Without a resistor load on the collector of BJT, will it be able to control the LED current by varying the base current?
Yes. It's true something has to "take up" the excess voltage, since there is only some fixed voltage across the LED. But that thing can be the difference between Q3's emitter and collector, instead of a resistor.
If it would, is it correct to say the emitter resistor acts to determine the LED current?
That, and the DAC voltage. Consider this simpler circuit:
simulate this circuit – Schematic created using CircuitLab
The DAC outputs some voltage, and the voltage across R11 must be this, less the 0.6V drop across Q3.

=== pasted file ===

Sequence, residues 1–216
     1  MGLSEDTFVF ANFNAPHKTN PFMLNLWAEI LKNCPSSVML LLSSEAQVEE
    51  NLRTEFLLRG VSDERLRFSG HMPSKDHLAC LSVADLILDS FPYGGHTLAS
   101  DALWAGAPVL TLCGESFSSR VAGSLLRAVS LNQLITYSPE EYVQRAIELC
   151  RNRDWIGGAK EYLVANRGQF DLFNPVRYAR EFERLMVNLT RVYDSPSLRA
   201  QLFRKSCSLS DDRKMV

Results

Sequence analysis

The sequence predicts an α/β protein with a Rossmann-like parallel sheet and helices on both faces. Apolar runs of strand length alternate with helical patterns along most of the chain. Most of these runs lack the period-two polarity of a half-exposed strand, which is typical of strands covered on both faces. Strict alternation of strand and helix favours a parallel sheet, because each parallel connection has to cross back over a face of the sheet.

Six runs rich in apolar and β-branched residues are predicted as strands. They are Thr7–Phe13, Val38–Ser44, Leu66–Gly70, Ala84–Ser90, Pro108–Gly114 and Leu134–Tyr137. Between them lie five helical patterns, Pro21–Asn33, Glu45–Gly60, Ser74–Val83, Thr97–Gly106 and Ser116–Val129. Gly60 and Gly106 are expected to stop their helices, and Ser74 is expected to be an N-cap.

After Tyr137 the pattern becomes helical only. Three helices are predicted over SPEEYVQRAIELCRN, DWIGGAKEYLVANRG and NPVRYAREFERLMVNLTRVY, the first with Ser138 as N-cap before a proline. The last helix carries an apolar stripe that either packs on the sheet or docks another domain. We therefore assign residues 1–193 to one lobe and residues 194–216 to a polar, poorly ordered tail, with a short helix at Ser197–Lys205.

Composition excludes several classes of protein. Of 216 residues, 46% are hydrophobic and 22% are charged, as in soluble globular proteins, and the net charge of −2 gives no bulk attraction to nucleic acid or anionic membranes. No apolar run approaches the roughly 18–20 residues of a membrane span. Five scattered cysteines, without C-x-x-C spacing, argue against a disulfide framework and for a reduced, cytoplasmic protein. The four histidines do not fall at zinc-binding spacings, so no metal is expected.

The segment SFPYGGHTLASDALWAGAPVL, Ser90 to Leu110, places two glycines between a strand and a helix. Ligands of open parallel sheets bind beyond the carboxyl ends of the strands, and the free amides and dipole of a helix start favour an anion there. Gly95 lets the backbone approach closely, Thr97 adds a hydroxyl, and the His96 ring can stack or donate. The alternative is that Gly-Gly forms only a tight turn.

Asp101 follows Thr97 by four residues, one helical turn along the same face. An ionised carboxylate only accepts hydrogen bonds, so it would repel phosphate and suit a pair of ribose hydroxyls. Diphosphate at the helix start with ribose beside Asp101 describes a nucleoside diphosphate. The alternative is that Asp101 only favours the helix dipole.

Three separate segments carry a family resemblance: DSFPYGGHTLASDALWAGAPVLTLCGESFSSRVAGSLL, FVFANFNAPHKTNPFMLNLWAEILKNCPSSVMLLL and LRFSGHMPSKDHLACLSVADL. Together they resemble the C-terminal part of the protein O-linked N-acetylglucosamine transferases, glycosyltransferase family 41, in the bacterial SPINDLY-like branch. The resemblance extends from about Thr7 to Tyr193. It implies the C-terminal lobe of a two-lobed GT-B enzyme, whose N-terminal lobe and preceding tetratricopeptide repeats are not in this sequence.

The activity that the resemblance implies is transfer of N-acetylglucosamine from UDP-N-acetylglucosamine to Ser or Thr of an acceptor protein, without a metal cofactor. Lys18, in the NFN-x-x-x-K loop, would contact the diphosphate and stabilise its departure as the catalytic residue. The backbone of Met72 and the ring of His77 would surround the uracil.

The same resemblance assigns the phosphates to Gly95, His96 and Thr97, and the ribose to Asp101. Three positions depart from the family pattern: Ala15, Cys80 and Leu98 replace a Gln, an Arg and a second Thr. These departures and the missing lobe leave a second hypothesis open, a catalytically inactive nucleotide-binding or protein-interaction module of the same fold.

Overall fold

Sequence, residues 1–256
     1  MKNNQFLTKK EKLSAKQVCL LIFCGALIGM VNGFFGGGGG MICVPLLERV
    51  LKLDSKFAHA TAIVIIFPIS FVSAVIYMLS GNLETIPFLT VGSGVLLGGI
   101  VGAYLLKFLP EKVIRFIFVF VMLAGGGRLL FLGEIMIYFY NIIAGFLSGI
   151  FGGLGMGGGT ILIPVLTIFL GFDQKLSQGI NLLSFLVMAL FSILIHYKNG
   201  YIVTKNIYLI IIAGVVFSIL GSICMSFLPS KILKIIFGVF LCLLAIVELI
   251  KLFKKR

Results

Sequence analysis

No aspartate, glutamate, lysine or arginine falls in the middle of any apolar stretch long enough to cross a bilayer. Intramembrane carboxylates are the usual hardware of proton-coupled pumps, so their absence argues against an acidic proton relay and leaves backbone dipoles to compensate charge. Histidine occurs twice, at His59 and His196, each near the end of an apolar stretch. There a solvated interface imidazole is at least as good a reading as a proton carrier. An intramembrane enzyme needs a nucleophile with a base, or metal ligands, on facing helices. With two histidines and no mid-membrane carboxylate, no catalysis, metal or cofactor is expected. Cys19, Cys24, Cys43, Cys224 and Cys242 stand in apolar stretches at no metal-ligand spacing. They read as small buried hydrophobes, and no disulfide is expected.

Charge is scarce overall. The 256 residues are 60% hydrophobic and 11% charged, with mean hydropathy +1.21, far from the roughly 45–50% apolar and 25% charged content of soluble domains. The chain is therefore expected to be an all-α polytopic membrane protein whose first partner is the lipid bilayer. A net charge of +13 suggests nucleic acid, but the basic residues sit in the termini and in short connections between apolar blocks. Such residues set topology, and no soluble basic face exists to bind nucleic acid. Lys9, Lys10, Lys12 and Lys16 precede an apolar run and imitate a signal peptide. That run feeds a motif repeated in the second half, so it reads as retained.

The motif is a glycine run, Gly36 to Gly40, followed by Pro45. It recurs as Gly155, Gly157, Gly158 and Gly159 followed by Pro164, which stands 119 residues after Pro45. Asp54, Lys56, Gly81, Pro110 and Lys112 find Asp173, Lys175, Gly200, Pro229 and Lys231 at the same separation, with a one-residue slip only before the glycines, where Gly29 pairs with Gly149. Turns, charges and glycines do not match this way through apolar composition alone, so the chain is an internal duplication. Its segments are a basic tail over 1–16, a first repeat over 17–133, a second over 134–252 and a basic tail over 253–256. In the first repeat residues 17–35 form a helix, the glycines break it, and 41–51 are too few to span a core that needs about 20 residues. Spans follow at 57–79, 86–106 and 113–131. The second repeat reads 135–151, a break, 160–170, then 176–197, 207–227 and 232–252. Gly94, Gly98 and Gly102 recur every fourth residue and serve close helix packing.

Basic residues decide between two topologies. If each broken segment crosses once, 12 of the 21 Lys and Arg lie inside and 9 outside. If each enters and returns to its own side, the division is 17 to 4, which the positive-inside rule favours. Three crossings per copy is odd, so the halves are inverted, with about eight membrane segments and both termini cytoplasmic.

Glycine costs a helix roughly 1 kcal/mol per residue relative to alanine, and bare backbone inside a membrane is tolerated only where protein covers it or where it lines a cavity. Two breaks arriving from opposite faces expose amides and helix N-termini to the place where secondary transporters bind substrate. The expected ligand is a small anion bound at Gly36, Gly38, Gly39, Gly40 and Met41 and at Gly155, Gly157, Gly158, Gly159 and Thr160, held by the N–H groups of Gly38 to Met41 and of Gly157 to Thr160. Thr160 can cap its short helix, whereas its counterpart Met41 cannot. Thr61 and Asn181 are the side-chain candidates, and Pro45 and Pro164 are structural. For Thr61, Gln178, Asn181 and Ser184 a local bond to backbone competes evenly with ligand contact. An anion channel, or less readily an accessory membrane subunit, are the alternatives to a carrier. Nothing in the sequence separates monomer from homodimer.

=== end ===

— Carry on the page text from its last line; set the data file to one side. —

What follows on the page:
But Q3 isn't really a diode: it's the base-emitter junction of the BJT. The voltage across R11 must still be the same, but because of the BJT's current gain, most of the current through the resistor will come from the transistor's collector (and thus, through the LED), not from the DAC.
Why is the LED current limited? Imagine if more current were to try flowing through the LED. That current must go through R11, which must then have more voltage across it by Ohm's law. With the voltage across R11 increasing, the voltage across the base-emitter junction of Q3 is also decreasing, thus turning the transistor off and reducing the current.
Likewise if not enough current is flowing through the LED, the transistor is turned on more, increasing collector current until equilibrium is reached.
Is the BJT configured as common-emitter?
Does it have to be common-anything? This looks like a current source to me.
See also Why would one drive LEDs with a common emitter?